• Gir from Invader Zim runs around for no reason, shouts non-sequiturs, has random mood swings, and generally acts strange. Justified, as he's a malfunctioning robot. When locked into Duty Mode, however, he becomes sane, and evil.
  • Similar to Gir, most of the insane robots from Futurama are this, rambling about nonsense, exploding randomly, or acting like Napoleon. Subverted with Roberto, who is actually violent and dangerous.
  • Ren from The Ren & Stimpy Show is an aversion. Despite the cartoon being aimed at kids, his manic moments weren't always Played for Laughs and often stepped into family-unfriendly territory. For starters, the episode "Stimpy's Fan Club" contains a very long and elaborate scene of Ren rambling psychotically and considering killing Stimpy. His Freak Out in "Sven Hoek" after Sven and Stimpy wreck the house is quickly replaced with his Tranquil Fury accompanied by a To the Pain monologue.
  • The original portrayal of Daffy Duck in his late 1930s-'40s appearances he'd laugh constantly, his eyes would point in different directions, his tongue would sometimes hang out, and he'd click his heels together and do flips around the pond shouting "woo hoo, woo hoo, woo hoo!"
  • My Little Pony: Friendship Is Magic:
    • Pinkie Pie dances between this trope and just plain terrifying in some episodes. Her eccentricity ranges from plain silliness to psychotic breakdowns.
    • In the episode "Read It and Weep," there was a gag based around this - the barking heard during a chase scene turned out to be a background character who was acting like a dog. A doctor then told her to "get back to the hospital".
  • The Ice King of Adventure Time, whose mental instability is not Played for Laughs. An early episode has him casually say that his crown makes him hallucinate all of the time, so he is unable to discriminate between the hallucinations and reality. "Holly Jolly Secrets" reveals he was once a human, but wearing a mysterious magical crown drastically changed his personality and got rid of most (if not all) of his prior memories of his life. He also had a fiancee; Betty, who he affectionately called his "princess", left him after he started wearing the crown. This may explain why he's obsessed with kidnapping princesses. Many, after watching "I Remember You", have compared the relationship depicted between The Ice King and Marceline to that of someone coping with having a family member or friend with Alzheimer's Dementia. She knew him before he lost his memories and they still have an emotional connection so she is friends with him, but it breaks her heart to be around him because he doesn't remember. He's so far gone at this point that he doesn't even recognize his own name.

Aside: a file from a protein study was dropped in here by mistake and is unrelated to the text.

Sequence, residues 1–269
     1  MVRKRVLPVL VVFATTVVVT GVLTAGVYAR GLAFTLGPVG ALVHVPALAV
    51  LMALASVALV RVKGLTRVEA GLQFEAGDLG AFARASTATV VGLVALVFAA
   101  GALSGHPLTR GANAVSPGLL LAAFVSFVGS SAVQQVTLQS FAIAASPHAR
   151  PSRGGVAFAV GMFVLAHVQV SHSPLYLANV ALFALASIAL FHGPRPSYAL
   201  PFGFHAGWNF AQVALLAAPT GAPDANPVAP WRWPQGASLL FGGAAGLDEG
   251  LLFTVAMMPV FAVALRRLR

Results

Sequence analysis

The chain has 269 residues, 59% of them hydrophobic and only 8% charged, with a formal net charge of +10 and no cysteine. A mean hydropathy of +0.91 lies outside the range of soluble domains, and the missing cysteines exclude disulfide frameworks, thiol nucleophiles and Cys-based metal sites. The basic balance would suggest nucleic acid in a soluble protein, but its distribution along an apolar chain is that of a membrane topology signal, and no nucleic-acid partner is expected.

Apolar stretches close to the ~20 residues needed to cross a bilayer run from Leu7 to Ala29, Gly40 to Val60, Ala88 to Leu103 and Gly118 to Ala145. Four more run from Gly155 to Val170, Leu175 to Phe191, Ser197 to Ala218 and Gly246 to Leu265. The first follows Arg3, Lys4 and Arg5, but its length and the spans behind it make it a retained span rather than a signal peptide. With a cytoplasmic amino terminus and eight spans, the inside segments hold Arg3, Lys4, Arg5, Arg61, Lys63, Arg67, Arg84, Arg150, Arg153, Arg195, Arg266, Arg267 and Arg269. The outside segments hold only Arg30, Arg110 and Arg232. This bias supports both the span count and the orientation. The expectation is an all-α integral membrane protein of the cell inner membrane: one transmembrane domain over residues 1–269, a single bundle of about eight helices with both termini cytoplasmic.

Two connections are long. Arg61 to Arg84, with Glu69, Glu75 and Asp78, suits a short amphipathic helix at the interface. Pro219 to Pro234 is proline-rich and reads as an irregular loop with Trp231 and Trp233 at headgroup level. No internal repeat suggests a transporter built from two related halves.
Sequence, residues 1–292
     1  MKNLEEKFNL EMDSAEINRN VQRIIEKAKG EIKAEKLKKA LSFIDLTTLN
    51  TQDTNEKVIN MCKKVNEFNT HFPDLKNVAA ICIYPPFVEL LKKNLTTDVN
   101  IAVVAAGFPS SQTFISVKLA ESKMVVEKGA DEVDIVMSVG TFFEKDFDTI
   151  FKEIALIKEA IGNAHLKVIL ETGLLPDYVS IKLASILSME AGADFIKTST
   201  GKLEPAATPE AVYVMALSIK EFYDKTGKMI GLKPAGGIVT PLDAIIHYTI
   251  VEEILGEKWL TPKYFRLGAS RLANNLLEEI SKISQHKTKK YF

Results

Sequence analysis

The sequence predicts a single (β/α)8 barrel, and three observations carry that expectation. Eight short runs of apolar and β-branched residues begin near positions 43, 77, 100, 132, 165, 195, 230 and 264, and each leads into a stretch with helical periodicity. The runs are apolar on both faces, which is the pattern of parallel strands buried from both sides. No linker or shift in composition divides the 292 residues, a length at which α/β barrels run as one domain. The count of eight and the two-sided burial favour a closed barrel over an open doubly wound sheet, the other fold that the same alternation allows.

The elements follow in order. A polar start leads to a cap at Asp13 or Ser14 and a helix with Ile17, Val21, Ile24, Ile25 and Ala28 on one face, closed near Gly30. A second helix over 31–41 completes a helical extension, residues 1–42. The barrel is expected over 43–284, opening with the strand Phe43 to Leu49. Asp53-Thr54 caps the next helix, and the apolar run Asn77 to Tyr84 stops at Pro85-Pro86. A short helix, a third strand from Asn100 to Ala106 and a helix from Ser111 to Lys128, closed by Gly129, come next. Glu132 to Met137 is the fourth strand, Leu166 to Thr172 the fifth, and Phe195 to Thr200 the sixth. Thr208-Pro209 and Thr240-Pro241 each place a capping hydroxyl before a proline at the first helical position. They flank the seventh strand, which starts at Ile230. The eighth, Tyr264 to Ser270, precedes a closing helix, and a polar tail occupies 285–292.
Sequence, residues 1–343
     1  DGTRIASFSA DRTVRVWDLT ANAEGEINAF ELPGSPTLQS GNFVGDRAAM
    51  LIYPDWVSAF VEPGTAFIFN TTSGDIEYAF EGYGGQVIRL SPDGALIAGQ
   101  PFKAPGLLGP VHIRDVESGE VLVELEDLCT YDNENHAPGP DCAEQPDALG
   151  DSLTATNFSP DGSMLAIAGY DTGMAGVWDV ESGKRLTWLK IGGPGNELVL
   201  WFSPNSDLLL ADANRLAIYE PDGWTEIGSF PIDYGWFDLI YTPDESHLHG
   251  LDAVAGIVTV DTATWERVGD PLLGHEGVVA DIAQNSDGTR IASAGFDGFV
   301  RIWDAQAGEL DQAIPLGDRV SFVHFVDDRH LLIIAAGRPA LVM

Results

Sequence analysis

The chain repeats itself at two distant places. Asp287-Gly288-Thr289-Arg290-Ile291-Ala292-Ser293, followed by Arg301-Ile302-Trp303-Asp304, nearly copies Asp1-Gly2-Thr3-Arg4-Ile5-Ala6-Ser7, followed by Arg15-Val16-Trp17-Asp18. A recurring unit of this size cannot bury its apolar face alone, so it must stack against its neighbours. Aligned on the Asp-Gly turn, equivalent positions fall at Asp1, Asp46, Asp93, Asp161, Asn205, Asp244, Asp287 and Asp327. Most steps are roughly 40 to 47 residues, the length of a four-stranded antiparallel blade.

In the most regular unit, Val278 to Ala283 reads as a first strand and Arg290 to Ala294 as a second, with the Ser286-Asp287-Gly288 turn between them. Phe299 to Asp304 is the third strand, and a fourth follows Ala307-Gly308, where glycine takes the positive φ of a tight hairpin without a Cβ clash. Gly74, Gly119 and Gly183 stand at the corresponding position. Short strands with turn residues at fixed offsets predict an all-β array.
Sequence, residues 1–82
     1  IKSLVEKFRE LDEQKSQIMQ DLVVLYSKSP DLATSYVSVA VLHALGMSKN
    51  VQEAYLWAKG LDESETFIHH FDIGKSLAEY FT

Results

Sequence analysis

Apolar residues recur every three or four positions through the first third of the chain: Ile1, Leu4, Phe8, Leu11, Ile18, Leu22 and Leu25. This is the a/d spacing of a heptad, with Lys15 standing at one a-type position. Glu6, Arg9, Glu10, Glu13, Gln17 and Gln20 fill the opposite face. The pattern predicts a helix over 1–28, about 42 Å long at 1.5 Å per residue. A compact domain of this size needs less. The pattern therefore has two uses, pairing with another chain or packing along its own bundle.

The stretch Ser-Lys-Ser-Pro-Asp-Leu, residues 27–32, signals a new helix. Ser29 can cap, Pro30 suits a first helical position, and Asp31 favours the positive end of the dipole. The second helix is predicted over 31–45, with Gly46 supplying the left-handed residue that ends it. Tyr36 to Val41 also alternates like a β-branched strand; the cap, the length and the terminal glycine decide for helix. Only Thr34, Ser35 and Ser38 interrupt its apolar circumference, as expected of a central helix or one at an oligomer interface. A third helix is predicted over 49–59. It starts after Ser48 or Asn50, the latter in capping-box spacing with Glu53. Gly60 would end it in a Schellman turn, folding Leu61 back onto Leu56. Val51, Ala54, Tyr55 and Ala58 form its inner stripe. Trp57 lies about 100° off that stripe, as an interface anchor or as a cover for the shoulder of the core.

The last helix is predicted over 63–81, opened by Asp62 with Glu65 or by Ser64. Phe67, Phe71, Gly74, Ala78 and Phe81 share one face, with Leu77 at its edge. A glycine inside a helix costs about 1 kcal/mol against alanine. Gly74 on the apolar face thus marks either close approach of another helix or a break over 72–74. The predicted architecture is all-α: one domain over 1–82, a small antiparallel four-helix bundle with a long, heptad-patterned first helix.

• Lampshaded in an episode of Kim Possible. Drakken uses his "silly hats" to make the world's most brilliant scientists turn into galloping loons. When Shego is trying to think of a word to describe it, Drakken interrupts her by suggesting the word "silly." She remarks that it is not the name she would have chosen.
  • The character of Freaky Fred in Courage the Cowardly Dog is a surprisingly somber version of this, effectively terrifying children with slow, meticulous speech, uncomfortably uncanny movement patterns, and bizarre fixations, particularly with hair.
    • The trope is interestingly invoked with Fred since the character is being used to scare kids by tapping into their natural discomfort with people who are different.
  • Nester's Mother from Scaredy Squirrel always had a bad mood and yells at people when they get on her nerves.
  • The wreck-less driver from the We Bare Bears episode Emergency acts like a Manchild and is totally insane.
  • The Scary Black Man security guard in the American Dad! episode Kiss Kiss, Cam Cam. Complete with Berserk Button whenever he gets insulted & when another person kisses his wife. He also kisses anyone in the Kiss Cam and acts sexual about it.